In nearly 20% of all cases, the first symptom is intestinal blockage in newborns. In other babies, the first evidence is bulky stool, poor weight gain, flabby muscle tone, or slow growth, all products of low levels of digestive enzymes in the intestines. About half of all children with cystic fibrosis first see the doctor for coughing, wheezing, or respiratory tract infections. Teenagers with cystic fibrosis may grow slowly and enter puberty later than their peers. Cystic fibrosis often causes impaired reproductive function. Cystic fibrosis patients of all ages are prone to dehydration because they lose so much salt in their sweat. Infections, particularly in the lungs, plague people with cystic fibrosis throughout their lives. These chronic infections destroy lung tissue, a complication that ultimately takes the lives of most people with cystic fibrosis.
Eye banks concentrate on retrieving tissues used in eye surgery that restores or improves sight. Most eye banks focus on retrieving corneas. The cornea is the clear front window of the eye, about the size and shape of a coin. It transmits light to the interior of the eye allowing us to see clearly. Corneal injury, disease or hereditary conditions can cause clouding, distortion and scarring that may result in blindness. But corneal blindness is one of the few forms of blindness that can be cured. In a delicate procedure, the surgeon removes the damaged cornea and replaces it with a cornea donated by a recently deceased person. Cornea transplants are very successful, with a success rate of more than 90% if the cornea is placed on the eye in such a manner that blood vessels do not come into contact with it. Without blood vessels, the body cannot send immune cells to attack the cornea.
A burn is an injury to the skin caused when heat, chemicals, electricity, or radiation destroy tissue. Extensive burns, involving 30% or more of the body's surface, can be life threatening because they disrupt the skins ability to fight infection, prevent fluid loss, and regulate body temperature. Deep burns are often treated with skin grafts. In this procedure, healthy skin removed from another area on the body is transferred to the burned area to cover the wound. If the burned area is not too large, the grafted skin will grow in its new location and eventually fuse with the healthy skin at the edges of the burn. But if burns cover a large portion of a patient's body and not enough healthy skin remains to use for a graft, patients may receive grafts from dead bodies. Although the patients immune system eventually rejects and destroys this foreign tissue, these temporary skin grafts help prevent fluid loss and infection while the patients own skin heals.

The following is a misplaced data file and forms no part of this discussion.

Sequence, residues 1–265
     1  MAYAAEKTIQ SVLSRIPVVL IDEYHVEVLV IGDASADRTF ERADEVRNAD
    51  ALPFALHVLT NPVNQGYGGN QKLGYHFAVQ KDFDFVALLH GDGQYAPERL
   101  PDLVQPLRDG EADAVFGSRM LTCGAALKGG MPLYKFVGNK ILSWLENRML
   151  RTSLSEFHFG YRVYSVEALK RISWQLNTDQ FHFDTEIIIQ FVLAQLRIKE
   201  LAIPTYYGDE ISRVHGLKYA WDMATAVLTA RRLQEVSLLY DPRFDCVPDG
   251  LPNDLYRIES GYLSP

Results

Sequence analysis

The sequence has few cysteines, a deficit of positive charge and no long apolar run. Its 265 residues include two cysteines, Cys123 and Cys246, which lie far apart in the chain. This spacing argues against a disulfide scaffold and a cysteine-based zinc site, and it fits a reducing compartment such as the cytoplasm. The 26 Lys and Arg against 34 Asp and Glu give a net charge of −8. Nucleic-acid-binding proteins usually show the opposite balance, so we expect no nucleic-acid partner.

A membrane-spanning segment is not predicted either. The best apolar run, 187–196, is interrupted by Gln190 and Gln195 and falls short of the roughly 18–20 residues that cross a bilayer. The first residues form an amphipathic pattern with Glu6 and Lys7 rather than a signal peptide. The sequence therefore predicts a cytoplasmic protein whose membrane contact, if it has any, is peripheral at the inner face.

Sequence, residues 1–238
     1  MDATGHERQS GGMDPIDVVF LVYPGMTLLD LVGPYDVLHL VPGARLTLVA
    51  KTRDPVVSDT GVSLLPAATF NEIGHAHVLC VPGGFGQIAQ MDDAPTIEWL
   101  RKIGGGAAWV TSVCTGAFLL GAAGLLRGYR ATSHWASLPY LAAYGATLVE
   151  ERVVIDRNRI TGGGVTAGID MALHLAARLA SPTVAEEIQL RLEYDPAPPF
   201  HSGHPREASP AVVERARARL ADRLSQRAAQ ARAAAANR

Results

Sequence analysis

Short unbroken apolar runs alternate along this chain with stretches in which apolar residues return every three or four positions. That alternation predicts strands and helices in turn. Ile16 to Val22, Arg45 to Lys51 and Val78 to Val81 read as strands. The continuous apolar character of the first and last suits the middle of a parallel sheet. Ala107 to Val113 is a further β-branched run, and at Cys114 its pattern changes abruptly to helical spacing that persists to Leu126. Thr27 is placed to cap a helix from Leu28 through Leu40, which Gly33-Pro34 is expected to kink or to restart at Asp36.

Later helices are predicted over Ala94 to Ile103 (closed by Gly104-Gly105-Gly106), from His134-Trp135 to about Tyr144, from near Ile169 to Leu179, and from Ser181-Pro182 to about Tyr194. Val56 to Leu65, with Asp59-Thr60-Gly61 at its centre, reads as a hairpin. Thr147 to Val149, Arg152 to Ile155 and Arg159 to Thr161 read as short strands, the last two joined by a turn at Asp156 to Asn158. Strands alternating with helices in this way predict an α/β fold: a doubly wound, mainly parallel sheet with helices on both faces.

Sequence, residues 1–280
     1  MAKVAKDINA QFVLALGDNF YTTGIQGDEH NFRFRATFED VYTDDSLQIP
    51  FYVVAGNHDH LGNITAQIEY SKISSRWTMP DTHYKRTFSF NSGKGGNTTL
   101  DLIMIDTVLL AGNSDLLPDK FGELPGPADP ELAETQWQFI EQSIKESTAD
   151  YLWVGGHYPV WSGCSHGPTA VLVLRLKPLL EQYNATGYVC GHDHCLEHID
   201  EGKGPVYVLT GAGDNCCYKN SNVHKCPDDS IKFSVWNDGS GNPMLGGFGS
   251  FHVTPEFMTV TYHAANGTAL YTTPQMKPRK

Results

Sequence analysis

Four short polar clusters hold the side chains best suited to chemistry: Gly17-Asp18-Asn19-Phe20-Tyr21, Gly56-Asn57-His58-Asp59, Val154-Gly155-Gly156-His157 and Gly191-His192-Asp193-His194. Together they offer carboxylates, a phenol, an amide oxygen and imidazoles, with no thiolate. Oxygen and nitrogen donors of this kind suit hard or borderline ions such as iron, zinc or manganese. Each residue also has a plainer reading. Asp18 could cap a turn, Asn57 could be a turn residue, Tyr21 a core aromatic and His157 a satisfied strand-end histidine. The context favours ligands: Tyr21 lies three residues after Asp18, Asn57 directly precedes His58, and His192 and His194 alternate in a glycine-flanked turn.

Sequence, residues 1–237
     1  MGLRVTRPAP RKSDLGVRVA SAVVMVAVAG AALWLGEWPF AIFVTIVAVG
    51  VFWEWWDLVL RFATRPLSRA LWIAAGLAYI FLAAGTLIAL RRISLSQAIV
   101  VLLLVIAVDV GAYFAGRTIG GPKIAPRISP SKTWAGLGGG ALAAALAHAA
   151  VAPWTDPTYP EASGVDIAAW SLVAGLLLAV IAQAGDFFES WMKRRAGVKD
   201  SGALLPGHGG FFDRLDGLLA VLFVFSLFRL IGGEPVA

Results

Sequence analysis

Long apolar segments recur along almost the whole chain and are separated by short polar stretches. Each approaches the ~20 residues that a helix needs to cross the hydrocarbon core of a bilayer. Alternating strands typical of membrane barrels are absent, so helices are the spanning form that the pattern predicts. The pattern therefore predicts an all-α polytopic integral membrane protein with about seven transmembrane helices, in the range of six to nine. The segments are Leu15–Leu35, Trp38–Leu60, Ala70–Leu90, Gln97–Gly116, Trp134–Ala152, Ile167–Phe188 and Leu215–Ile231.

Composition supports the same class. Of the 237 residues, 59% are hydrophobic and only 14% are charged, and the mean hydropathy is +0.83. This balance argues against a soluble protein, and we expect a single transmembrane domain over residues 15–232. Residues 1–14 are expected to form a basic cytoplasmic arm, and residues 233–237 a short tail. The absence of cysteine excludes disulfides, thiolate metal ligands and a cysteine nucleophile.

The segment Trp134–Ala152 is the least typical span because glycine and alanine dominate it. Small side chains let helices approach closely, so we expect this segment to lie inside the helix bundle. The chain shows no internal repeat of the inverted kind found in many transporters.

Skin was the first tissue transplanted, and researchers used skin transplants in the late 1950s and early 1960s to decipher the immune system response to transplants.
Bone is used for facial reconstruction of motor vehicle accident victims. Bone is also used in replacing cancerous growths in arms or legs of patients. In the past we used to have to amputate the limb.
Heart valves can also be replaced through transplantation. Pancreases can also be transplanted, although they are not done in South Africa. In America they have also started with small intestine transplants. Reliable survival data for intestine transplant patients are not yet available because the procedure is still experimental. Techniques are improving all the time and it may soon be practical to transplant other parts of the body.
ARTIFICIAL ORGANS AND TISSUES
One way to get around the shortage of donors is to use wholly or partially artificial organs made of plastic, metal, and other synthetic materials. A kidney dialysis machine, for example, is an artificial organ, even if it is too large to implant in the body. The first permanent artificial heart was transplanted in 1982, but the patient survived only for 112 days. Artificial hearts are not widely used today because of the risk of infection and bleeding and concerns about their reliability. In addition, the synthetic materials used to fashion artificial hearts can cause blood clots to form in the heart. These blood clots may travel to a vessel in the neck or head, resulting in a stroke. Instead, emphasis has shifted to the use of left-ventricular assist devices (LVADs), which are implanted beside a patient's heart to help it pump blood. LVADs keep patients alive until a donor heart is available. Many artificial devices work to restore the operation of malfunctioning organs without replacing the whole organ. Examples include artificial heart valves and pacemakers to help the heart function properly, and cochlear implants to restore hearing.
The shortage of donors has led some surgeons to consider using animals as donors. Chimpanzee kidneys were successfully transplanted in 1963, with one recipient living for nine months after the surgery. Although the kidneys were not rejected, they proved too small to keep the recipient alive. Efforts to transplant chimpanzee and baboon hearts into humans in the 1960s and 1970s also failed because the hearts were too small. The first successful baboon organ transplant occurred in 1984, when a baboon's heart was transplanted into a two-week-old premature baby whose heart was congenitally malformed. The baby survived for 20 days before her body rejected the organ. Because of problems with the small size of chimpanzee and baboon organs, doctors are now turning to other species as potential organ donors.
One animal receiving a lot of attention from the medical community is the pig. Pigs have organs that are the right size for human use, they have large litters, and they mature quickly so there is a ready supply of donating animals. Human bodies do not reject some pig tissues, such as heart valves. Surgeons in the United States transplant about 60,000 pig heart valves into humans annually. However, other transplanted pig organs undergo a phenomenon called hyperacute rejection. The recipient's immune system recognizes that the blood vessels in the transplanted organ are foreign and shuts off blood flow to the new organ within hours or even minutes, causing the transplanted organ to blacken and die. Recently, scientists have used genetic engineering techniques to breed pigs whose blood vessels contain the marker antigens found in human blood vessels. Livers from these pigs have been successfully connected to the bloodstream of several patients to clear toxic wastes while the patients' own livers recovered. Fetal pig brain cells have also been used to treat Parkinson disease, and research is underway on using other organs from these pigs.
One of the big drawbacks of xenotransplants is the fear that unknown, possibly deadly viruses could be transferred from animals to humans. Once the animal viruses get into humans, they might spread to other humans. In 1997, scientists showed that pig viruses could infect humans with unpredictable results. The unresolved questions surrounding xenotransplantation mean that future research must be done cautiously.